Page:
Public Safety Awareness

Pedestrian Safety Tips


The holiday break is now over and a new year has begun, sending children and teens back to school and resuming the normal flow of morning and rush hour traffic for the workforce. Unfortunately, this means that potentially dangerous situations for pedestrians have also resumed, especially now that weather related accidents are more common thanks to icy or snow-covered roads. Pedestrians include children walking to and from school or being pushed in a stroller and anyone walking, jogging or traveling by bicycle or wheelchair along roadways.

According to the CDC an average of 445 pedestrians per day are treated in an emergency medical facility for traffic related injuries. For anyone traveling on foot, this quite an alarming number but luckily there are some simple safety tips to keep in mind when walking near roadways to help ensure maximum safety.

  • Always cross the street at a designated crosswalk or intersection. Many J-walking laws exist as a way of protecting pedestrians from the hazards of crossing roads incorrectly.
  • At nighttime you should attempt to increase your visibility by carrying a flashlight and wearing reflective accessories or clothing so drivers can see you more clearly.
  • Stick to sidewalks whenever possible but if they are not available, always walk on the shoulder of the road, facing traffic.
  • If you are driving, you can do your part by staying especially alert for walkers, runners or bikers while in neighborhoods or school zones. Never look at your mobile devices, make a phone call or text while driving.

Teaching children about pedestrian safety is critical. Because of their smaller stature and inexperience with traffic rules and automobile speeds they are much more susceptible to injury or death from traffic accidents as pedestrians. Here are a few important points on safe walking that can help every child stay safe and injury-free outside of the home.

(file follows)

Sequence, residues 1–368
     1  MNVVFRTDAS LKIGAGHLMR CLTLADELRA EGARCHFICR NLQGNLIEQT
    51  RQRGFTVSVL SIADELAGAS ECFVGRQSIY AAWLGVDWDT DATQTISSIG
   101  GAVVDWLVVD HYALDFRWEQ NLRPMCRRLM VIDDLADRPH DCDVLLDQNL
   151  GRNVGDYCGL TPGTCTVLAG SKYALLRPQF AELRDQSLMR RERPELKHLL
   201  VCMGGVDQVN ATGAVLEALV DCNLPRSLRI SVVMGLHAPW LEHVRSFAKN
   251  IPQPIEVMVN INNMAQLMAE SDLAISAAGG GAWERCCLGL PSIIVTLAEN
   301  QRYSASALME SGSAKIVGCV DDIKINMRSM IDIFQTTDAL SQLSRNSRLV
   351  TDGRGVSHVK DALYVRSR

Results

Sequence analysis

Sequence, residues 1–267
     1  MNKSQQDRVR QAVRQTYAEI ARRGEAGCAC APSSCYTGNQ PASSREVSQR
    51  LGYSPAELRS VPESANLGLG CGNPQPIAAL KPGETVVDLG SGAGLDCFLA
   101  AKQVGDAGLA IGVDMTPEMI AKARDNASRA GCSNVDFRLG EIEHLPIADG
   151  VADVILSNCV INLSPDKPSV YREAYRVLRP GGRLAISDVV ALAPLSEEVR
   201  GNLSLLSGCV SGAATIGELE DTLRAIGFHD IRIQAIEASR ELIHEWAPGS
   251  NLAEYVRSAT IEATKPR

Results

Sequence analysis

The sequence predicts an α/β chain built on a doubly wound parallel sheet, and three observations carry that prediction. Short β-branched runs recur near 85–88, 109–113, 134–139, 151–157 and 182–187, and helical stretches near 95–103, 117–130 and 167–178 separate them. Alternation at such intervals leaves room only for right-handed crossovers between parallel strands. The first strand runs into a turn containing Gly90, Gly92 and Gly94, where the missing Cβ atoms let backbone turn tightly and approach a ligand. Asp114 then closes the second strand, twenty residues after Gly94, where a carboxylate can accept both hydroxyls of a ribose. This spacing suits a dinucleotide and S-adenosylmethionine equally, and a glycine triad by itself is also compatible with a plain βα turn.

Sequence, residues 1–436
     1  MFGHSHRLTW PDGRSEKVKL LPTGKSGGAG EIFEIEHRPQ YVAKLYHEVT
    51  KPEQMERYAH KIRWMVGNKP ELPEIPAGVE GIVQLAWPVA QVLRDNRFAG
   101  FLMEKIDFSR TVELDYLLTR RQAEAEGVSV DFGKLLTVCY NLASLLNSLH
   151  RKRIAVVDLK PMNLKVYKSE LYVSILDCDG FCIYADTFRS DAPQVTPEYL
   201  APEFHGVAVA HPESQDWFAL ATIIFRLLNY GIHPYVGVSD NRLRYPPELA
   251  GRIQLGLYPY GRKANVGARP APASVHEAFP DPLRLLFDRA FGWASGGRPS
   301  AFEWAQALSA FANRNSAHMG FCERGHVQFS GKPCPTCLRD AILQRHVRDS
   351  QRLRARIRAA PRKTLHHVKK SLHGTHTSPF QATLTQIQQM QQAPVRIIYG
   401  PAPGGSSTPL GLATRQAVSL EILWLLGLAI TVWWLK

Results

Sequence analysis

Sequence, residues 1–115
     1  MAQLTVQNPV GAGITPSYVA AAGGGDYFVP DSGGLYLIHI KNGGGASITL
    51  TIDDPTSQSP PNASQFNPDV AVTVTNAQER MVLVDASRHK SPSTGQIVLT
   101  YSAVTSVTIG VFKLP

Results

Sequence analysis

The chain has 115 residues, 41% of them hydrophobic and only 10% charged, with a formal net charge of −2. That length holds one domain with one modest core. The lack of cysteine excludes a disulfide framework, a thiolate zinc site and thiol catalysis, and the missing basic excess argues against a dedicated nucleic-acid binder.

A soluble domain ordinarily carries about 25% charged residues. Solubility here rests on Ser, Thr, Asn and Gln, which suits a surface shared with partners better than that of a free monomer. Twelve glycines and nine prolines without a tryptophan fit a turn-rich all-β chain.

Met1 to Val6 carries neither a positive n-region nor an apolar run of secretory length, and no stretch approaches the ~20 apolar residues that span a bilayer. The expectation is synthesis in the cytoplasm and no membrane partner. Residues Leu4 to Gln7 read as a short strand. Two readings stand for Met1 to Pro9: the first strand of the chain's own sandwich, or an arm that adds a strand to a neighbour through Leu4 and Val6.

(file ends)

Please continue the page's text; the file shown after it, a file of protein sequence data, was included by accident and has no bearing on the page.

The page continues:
• Teach children that it is important to walk on sidewalks or paths and only cross streets at corners where there are crosswalks. They should be taught how to read and use walking and traffic signals at stoplights as well.
  • Children and teens should learn the importance of staying alert and not looking at their mobile or gaming devises while walking.
  • It’s important that children remember to always first look left, then right and then left again before finally crossing the street.
  • Since it is difficult for very young children to judge speed and distances for automobiles they should always cross the street with an adult. No child is the same developmentally but 10 years of age and younger is good general grouping for children who should wait for an adult.
  • Remind kids to watch out for cars that may be turning or backing up in their direction and stay extra alert when walking by driveways where a car could be backing out.

    Let’s all make a mental note to keep these important tips in mind whenever we either a pedestrian or a driver and start making needless accidents a thing of the past.


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